Small and mid-sized banks can expect more regulatory scrutiny in the aftermath of the collapses of Silicon Valley Bank (SVB) and Signature Bank, according to legal experts.
The time to prepare is now.
“The pendulum will swing to a much more aggressive, hyper-focused review by exam teams at individual banks,” said Patrick Hanchey, partner at law firm Alston & Bird. Banks should “take the bull by the horns and be proactive,” he said.
SVB was closed and placed into receivership by California’s banking regulator and the Federal Deposit Insurance Corporation (FDIC) on March 10 after investors and depositors tried to withdraw $42 billion in one day. Signature Bank was similarly shuttered Sunday by the New York State Department of Financial Services and the FDIC.
Federal regulators announced all $264 billion in combined deposits at both banks would be fully protected, albeit with bank assets and not with taxpayer money.
The Department of Justice and Securities and Exchange Commission launched investigations into SVB’s collapse, according to multiple reports. The Federal Reserve Board on Monday announced it would initiate a review of what happened regarding supervision of SVB, with the results due to be published May 1.
While those reviews progress, regulators will be examining individual banks’ balance sheet structures even more closely than usual, Hanchey said, looking for risks posed by depositor concentrations in particular industries or sectors, which were the driving factor in the failures of SVB and Signature Bank.
“The FDIC has always been uncomfortable with banks that have concentrated customer bases,” said Matthew Bisanz, partner at law firm Mayer Brown. “Those concerns will only become more prominent.”
Bisanz said banks should expect more supervisory pressure in this area and more resistance from regulators when seeking to expand in sectors where they already have an overly concentrated presence.
Regulators might also discourage banks from having a large percentage of customer deposits in accounts with more than $250,000, the limit at which the FDIC insures deposits, Bisanz said. Media outlets reported as much as 90 percent of deposits at SVB and Signature Bank were in high-value accounts and thus uninsured.
Bank examiners will also be seeking information about contingency planning, internal stress testing, and whether banks have undertaken resolution planning that adequately assesses the challenges their structure and business activities pose to the financial system if they fail or become distressed, Hanchey said.
“The FDIC has always been uncomfortable with banks that have concentrated customer bases. Those concerns will only become more prominent.”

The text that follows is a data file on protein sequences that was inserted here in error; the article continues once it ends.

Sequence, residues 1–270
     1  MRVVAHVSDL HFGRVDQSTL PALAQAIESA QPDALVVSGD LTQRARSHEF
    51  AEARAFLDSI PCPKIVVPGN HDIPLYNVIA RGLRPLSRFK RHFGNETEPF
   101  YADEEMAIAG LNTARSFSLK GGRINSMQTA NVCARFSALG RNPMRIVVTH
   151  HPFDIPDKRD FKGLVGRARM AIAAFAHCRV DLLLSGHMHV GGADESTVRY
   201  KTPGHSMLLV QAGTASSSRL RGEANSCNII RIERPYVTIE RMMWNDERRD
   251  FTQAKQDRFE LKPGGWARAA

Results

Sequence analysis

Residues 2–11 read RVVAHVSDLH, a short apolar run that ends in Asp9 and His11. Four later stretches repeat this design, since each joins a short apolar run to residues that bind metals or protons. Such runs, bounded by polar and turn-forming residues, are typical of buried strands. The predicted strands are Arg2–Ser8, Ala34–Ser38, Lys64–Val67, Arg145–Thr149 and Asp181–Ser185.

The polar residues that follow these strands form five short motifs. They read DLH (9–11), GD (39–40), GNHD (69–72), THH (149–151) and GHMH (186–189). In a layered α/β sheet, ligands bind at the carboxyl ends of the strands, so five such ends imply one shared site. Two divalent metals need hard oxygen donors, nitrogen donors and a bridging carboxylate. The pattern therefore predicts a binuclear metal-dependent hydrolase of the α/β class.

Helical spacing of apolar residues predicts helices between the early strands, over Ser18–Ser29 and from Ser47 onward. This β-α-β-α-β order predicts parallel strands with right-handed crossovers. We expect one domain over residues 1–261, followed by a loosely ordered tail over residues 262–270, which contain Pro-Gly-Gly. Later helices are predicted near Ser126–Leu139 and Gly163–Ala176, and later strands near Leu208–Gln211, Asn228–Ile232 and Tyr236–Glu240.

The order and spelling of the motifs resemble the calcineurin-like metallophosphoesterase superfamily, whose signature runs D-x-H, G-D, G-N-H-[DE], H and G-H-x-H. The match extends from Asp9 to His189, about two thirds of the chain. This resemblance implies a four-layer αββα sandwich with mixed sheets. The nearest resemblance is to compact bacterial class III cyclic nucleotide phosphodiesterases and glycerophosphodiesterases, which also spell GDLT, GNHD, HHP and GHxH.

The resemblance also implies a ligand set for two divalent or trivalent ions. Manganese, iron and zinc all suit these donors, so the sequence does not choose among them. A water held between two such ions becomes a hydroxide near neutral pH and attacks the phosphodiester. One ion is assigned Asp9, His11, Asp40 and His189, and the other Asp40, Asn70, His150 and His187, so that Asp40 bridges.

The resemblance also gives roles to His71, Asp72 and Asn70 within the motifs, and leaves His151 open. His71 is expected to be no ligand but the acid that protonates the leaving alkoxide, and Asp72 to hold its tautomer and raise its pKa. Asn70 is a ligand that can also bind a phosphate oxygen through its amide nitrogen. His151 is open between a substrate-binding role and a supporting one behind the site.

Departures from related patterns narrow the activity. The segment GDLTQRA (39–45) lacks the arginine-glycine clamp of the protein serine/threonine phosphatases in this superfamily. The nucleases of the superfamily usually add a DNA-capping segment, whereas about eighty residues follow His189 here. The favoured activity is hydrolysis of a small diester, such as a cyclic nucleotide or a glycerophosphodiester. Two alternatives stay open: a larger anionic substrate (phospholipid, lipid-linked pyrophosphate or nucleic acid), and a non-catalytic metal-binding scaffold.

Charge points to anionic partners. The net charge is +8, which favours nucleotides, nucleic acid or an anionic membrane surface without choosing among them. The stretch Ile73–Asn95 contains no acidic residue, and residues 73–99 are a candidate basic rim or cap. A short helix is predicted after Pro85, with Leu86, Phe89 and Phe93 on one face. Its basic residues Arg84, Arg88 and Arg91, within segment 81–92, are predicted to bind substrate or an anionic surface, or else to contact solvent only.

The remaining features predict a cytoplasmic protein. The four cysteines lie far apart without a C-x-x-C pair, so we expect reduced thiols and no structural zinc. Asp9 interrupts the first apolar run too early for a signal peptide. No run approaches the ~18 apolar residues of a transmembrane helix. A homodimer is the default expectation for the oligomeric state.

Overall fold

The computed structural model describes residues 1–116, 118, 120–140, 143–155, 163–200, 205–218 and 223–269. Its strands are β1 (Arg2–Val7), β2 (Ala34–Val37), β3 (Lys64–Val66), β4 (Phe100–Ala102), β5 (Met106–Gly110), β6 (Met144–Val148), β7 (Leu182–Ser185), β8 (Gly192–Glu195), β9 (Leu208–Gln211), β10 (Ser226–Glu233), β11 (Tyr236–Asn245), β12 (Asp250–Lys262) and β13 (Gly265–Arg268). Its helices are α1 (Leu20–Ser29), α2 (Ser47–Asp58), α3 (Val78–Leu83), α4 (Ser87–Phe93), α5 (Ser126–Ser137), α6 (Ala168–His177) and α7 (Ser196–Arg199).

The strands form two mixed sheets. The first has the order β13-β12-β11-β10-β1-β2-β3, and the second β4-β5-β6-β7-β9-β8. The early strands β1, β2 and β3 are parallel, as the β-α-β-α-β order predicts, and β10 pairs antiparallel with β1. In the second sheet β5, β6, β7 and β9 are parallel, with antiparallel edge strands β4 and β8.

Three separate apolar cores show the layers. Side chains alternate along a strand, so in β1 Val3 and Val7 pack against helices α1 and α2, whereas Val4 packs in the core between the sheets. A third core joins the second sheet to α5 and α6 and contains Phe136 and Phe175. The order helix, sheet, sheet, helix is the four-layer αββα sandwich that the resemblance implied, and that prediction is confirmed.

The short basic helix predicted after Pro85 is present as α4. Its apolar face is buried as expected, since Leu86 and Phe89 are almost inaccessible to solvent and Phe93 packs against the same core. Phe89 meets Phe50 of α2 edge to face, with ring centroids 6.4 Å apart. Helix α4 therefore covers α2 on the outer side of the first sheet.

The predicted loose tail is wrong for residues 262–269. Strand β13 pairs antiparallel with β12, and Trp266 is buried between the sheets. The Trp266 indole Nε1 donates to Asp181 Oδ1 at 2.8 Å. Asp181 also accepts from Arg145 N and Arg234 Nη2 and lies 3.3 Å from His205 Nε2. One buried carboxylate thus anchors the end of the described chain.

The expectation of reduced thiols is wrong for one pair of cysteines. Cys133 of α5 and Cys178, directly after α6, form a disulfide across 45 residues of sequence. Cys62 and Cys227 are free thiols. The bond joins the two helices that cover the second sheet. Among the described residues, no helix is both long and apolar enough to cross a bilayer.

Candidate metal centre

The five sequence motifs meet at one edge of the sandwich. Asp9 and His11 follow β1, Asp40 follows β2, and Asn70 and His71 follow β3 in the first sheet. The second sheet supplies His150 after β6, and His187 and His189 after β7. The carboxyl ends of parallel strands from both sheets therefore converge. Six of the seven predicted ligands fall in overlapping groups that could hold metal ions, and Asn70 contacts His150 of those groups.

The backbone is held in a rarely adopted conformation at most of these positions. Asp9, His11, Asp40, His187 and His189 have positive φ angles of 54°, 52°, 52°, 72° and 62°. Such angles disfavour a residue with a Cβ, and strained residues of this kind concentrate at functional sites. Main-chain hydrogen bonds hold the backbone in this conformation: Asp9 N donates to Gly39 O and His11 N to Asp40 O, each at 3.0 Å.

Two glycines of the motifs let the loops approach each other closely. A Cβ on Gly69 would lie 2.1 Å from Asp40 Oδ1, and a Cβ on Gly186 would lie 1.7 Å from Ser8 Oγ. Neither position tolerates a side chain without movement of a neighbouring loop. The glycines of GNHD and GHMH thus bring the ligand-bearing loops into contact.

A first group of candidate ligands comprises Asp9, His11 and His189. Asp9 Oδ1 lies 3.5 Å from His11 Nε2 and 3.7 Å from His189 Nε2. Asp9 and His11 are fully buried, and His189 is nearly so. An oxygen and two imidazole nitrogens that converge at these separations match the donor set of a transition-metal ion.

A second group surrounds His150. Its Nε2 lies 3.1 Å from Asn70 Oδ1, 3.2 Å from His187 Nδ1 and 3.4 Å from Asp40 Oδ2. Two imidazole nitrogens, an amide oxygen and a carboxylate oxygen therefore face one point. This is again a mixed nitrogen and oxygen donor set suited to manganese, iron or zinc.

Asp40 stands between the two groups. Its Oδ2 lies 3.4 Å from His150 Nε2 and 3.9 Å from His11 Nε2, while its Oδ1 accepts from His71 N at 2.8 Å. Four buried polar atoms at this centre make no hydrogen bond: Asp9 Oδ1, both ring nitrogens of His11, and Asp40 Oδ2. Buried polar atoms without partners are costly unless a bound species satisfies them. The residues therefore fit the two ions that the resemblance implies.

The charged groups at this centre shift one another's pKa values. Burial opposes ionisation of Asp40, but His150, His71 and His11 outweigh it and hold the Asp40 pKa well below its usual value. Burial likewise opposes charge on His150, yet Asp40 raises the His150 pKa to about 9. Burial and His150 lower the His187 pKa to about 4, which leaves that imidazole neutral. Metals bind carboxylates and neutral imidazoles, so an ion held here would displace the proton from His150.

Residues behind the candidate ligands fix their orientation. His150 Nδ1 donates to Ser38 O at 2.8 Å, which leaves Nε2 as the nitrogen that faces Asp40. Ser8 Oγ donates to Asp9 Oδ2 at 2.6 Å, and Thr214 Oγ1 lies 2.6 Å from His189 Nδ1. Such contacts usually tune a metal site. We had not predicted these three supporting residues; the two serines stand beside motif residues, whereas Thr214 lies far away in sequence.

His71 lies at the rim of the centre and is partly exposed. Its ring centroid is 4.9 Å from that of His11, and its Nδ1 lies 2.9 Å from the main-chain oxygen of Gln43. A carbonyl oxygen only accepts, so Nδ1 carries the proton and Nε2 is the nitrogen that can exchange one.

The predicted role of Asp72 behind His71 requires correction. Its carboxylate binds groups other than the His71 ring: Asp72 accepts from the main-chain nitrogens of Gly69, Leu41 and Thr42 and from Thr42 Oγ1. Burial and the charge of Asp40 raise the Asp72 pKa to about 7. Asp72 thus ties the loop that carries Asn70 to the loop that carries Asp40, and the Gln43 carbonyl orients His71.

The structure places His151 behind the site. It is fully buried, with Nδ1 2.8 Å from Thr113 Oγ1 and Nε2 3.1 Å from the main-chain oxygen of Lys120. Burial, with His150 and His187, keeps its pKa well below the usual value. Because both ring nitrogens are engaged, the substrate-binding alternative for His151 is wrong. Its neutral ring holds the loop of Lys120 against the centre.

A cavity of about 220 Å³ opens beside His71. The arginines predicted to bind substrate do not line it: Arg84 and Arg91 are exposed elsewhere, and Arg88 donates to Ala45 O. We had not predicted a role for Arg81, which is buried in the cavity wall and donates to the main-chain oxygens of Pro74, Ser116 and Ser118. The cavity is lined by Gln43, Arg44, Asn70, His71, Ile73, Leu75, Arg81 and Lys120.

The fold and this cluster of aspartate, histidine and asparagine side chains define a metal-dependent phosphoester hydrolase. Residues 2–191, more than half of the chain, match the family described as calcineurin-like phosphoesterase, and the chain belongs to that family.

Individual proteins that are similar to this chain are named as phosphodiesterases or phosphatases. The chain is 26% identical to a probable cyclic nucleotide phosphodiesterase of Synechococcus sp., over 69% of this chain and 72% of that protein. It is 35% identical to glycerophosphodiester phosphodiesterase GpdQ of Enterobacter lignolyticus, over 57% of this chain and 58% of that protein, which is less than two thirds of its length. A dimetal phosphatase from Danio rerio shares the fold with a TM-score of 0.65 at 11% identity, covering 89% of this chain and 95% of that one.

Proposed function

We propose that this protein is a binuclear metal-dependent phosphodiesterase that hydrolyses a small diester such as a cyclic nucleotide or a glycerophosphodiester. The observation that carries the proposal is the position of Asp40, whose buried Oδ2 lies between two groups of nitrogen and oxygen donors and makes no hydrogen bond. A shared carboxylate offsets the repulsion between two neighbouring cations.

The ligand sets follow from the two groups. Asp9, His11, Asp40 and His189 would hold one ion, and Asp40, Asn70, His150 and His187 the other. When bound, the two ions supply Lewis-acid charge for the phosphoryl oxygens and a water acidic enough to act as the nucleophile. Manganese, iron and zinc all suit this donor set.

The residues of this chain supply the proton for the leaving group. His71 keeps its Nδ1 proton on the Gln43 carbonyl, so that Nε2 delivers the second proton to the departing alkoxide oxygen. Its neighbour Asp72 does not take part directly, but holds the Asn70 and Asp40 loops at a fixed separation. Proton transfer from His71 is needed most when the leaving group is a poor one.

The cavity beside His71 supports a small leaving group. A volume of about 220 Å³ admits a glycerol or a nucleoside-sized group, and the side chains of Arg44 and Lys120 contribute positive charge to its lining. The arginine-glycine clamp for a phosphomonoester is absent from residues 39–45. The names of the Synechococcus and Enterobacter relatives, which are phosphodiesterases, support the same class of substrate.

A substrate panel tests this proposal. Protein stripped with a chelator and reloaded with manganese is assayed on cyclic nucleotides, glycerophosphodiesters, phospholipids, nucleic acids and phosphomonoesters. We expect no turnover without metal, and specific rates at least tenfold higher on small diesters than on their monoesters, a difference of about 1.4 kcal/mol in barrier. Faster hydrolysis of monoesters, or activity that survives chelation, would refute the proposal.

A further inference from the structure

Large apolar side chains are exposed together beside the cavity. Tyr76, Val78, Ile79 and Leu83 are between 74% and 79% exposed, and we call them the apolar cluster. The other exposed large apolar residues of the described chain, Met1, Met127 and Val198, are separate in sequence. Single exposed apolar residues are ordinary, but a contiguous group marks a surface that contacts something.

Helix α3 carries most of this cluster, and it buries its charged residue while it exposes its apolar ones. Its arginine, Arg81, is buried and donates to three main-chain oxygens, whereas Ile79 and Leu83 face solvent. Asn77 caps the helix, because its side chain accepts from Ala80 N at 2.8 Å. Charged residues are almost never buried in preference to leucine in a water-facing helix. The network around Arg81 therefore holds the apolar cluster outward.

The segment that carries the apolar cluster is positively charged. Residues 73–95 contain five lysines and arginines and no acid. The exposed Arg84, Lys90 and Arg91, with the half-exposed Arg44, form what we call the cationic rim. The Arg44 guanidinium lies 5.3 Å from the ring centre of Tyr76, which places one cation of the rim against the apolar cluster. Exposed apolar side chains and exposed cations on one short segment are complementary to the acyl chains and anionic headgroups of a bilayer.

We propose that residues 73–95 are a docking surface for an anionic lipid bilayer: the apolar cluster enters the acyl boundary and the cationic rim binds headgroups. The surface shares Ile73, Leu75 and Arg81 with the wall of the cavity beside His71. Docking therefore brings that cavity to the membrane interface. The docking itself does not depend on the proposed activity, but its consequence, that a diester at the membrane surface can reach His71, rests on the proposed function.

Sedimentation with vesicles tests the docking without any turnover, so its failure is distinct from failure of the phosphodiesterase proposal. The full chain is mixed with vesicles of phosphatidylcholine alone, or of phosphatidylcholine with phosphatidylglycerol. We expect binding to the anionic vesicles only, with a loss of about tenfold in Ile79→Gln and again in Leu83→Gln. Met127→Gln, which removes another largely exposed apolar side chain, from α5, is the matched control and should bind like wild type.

Matthew Bisanz, Partner, Mayer Brown
Both SVB and Signature Bank invested heavily in U.S. Treasury bonds and mortgage-backed securities whose values declined because of raising interest rates. When customers began withdrawing deposits all at once, the banks lacked available funds and were forced to sell off these assets at a loss.
As a result, another area of focus for regulators will be interest rate risk, Bisanz said. Banks should be able to explain to regulators how they would react to a similar set of circumstances.
Regulators might also seek to impose higher and more explicit market capital requirements on mid-sized banks, Bisanz said.
Some pundits and politicians claim a loosening of regulatory requirements imposed by the Dodd-Frank Act for mid-sized banks under the Trump administration—something SVB lobbied for—allowed SVB’s deposit concentration and liquidity risks to grow undetected. Legal experts said that’s too simplistic.
“Washington has started taking sides, with the Democrats saying there needs to be more regulation and that rolling back Dodd-Frank was a mistake and Republicans saying regulators need to do the job they were tasked to do,” Hanchey said. “It’s unfortunate that will come to be the narrative.”
The Bank Policy Institute (BPI), a nonpartisan public policy, research, and advocacy group, said the failures of SVB and Signature Bank “appear to reflect primarily a failure of management and supervision rather than regulation.”
“The weaknesses at both banks—management of interest rate risk and asset liability management—are traditionally a key focus of bank management and examination,” the BPI wrote in a statement. “Unlike credit risk and liquidity risk, interest rate risk is not susceptible to being reduced to a formula; it is more art than science. For that reason, it has always been a core function of corporate CFOs and treasurers and of bank examiners and not subject to prescribed regulatory formulas.”
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